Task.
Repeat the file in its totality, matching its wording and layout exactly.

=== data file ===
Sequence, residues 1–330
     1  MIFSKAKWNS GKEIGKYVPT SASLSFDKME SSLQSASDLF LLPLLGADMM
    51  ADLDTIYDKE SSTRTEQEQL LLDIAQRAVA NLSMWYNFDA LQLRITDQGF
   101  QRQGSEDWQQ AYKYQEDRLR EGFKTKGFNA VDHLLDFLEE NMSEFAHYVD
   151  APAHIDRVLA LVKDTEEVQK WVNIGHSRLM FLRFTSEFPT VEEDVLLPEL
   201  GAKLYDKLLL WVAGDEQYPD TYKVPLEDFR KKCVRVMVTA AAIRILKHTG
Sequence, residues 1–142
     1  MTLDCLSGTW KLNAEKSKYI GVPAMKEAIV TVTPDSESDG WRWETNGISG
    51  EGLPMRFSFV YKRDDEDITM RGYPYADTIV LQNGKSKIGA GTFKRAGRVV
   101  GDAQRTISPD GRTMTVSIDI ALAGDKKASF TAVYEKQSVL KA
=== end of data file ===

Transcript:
Sequence, residues 1–330
     1  MIFSKAKWNS GKEIGKYVPT SASLSFDKME SSLQSASDLF LLPLLGADMM
    51  ADLDTIYDKE SSTRTEQEQL LLDIAQRAVA NLSMWYNFDA LQLRITDQGF
   101  QRQGSEDWQQ AYKYQEDRLR EGFKTKGFNA VDHLLDFLEE NMSEFAHYVD
   151  APAHIDRVLA LVKDTEEVQK WVNIGHSRLM FLRFTSEFPT VEEDVLLPEL
   201  GAKLYDKLLL WVAGDEQYPD TYKVPLEDFR KKCVRVMVTA AAIRILKHTG
Sequence, residues 1–142
     1  MTLDCLSGTW KLNAEKSKYI GVPAMKEAIV TVTPDSESDG WRWETNGISG
    51  EGLPMRFSFV YKRDDEDITM RGYPYADTIV LQNGKSKIGA GTFKRAGRVV
   101  GDAQRTISPD GRTMTVSIDI ALAGDKKASF TAVYEKQSVL KA